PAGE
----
The human immunodeficiency virus (HIV) is still present today. Take the time to get information and to speak to your teens about it.
Since it was discovered, the human immunodeficiency virus (HIV) has wreaked a lot of havoc in the world. AIDS, the disease that results from it, still causes a lot of deaths and many concerns for people who suffer from it. Find out how to protect yourself against this serious infection.
HIV and AIDS: a few facts
Preventive measures and the development of medication have contributed to limiting the consequences of HIV on Canadians. However, there is still a lot to be done to raise public awareness on the issues surrounding the disease.
The HIV infection is characterized by the progressive destruction of the immune system after the virus has attacked very specific body cells: T4 lymphocytes (or CD4) cells. At this stage, an individual is said to be infected with HIV or to be “HIV positive”.
After the disease has progressed for several years, generally without any symptoms, a drop in CD4 cells brings the individual to the “acquired immunodeficiency syndrome” stage (AIDS). Typical characteristics of the disease include the development of “opportunistic” infections, which are caused by germs that usually do not infect healthy individuals. AIDS can also contribute to the development of some forms of cancer. The presence of the virus can also lead to other problems such as lesions to the nervous or digestive systems, or to the muscles or kidneys.
If untreated, AIDS is a progressive life-threatening disease. Treatment significantly prolongs life expectancy.
How do you get HIV?
As is the case for most viruses, HIV is contagious. It is transmitted through biofluids containing high levels of the virus such as blood, sperm, vaginal secretions and breast milk. An infected person can transmit the virus even if they are symptom-free.
The virus can spread in various ways, including:
- sexually, during unprotected sexual intercourse
- through drug or medication abuse, using dirty syringes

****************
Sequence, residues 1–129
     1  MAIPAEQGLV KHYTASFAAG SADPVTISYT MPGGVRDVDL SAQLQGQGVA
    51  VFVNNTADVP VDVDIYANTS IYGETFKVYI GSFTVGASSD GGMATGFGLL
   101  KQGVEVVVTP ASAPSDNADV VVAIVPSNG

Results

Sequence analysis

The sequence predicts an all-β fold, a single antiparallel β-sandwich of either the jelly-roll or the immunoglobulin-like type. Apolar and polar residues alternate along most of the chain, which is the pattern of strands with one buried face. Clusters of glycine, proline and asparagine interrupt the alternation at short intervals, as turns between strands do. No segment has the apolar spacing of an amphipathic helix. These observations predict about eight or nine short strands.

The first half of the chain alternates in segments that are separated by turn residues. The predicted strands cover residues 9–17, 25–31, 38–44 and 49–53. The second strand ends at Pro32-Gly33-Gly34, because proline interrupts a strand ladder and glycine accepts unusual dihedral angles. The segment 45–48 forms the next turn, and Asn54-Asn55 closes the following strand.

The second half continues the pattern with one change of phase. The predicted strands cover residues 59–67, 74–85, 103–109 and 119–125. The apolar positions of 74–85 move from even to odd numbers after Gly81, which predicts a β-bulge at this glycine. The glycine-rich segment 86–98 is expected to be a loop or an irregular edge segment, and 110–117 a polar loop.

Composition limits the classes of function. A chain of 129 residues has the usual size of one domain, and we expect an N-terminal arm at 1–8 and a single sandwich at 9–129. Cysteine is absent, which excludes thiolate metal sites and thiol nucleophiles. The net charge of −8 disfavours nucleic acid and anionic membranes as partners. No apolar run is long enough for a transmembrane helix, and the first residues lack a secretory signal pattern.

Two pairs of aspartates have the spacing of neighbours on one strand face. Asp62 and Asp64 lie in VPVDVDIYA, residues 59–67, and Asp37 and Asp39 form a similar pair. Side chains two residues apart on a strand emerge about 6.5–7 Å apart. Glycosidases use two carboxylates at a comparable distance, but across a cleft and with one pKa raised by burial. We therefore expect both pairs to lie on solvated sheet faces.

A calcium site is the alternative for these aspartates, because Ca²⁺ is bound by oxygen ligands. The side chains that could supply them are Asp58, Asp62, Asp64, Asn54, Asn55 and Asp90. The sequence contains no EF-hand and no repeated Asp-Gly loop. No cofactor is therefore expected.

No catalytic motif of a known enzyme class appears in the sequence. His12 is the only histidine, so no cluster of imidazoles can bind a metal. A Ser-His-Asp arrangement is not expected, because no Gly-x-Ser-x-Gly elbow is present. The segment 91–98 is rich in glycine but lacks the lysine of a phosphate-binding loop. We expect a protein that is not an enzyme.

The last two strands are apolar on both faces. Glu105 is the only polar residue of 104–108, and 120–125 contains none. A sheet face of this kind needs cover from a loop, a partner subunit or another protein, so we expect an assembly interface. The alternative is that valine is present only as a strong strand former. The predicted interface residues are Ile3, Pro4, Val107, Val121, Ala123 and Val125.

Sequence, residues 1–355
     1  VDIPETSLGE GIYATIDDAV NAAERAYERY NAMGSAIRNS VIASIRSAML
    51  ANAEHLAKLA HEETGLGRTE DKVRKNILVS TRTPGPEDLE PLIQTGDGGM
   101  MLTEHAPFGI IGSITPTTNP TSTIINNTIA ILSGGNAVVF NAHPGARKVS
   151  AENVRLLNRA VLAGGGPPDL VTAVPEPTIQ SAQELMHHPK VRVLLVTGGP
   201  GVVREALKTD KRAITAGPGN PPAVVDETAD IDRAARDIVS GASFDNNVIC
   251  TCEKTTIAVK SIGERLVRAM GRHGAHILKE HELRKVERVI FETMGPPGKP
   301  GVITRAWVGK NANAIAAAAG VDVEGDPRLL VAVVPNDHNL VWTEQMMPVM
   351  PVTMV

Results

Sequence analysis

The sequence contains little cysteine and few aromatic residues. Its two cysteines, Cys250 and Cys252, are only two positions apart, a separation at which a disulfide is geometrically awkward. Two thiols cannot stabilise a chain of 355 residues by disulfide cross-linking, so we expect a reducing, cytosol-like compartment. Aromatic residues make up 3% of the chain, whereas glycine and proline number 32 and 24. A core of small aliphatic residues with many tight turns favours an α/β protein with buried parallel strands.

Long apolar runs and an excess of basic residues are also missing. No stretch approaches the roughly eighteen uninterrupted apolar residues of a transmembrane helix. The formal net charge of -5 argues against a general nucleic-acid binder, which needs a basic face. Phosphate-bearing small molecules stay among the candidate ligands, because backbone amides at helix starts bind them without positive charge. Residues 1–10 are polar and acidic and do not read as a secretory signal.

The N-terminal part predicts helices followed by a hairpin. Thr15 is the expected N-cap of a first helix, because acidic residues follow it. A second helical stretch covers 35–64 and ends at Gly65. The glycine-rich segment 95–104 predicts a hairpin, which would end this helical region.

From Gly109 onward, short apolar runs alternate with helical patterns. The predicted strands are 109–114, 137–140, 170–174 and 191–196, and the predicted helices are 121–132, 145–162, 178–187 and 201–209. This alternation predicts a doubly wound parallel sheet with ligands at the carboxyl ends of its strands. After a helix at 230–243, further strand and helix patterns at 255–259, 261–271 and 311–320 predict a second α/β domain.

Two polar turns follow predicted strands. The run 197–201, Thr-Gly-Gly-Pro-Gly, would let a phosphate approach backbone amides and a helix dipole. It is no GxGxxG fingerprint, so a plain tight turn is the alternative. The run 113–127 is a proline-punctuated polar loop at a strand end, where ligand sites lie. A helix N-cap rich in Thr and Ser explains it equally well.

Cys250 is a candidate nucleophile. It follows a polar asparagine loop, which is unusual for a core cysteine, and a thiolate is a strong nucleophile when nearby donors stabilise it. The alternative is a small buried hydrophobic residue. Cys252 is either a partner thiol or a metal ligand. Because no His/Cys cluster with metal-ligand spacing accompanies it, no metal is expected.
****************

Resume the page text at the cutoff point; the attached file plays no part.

- through pregnancy, via the umbilical cord, when giving birth or when breastfeeding
- through blood and blood products, during blood transfusions
However, the virus cannot be spread in the following ways:
- by shaking hands with an infected person, kissing them on the cheek or using their cellphone
- by using the same toilet seat
- by swimming in a public pool
- by an insect sting
HIV and AIDS treatments
The medications used to treat this disease are called “antiretroviral” drugs. They block the development of the virus at various stages of its reproductive cycle. The treatment always involves using a combination of several drugs, which improves its effectiveness. Taking all of the medications as prescribed by a doctor is essential to ensure optimal treatment. Antiretroviral drugs help slow down virus multiplication and therefore, maintain a strong immune system to delay the onset of AIDS as long as possible. There is currently no cure for AIDS.
There is currently no vaccine to prevent contracting HIV. The best way to protect yourself is to take the following precautionary measures to minimize the risks of contamination:
- use a condom during sexual intercourse (vaginal, anal or oral)
- avoid sharing syringes
- when getting a tattoo or piercing, make sure the material is new and disposable or sterilized
- use disposable gloves when at risk of direct contact with blood
- for HIV positive women, consider giving birth by caesarian section
- for HIV positive women who are new mothers, consider feeding your baby with formula instead of breastfeeding
Another prevention measure that is crucial in avoiding contamination, is medical screening. If you are sexually active and have had unprotected sexual intercourse, it may be advisable to have a blood test for HIV screening. Talk to your doctor about your risk level and the relevance of the test in your situation. Contamination often occurs through sexual intercourse with an infected partner who is unaware of their condition.
Everyone should be aware of HIV, since no one is completely sheltered from this type of infection.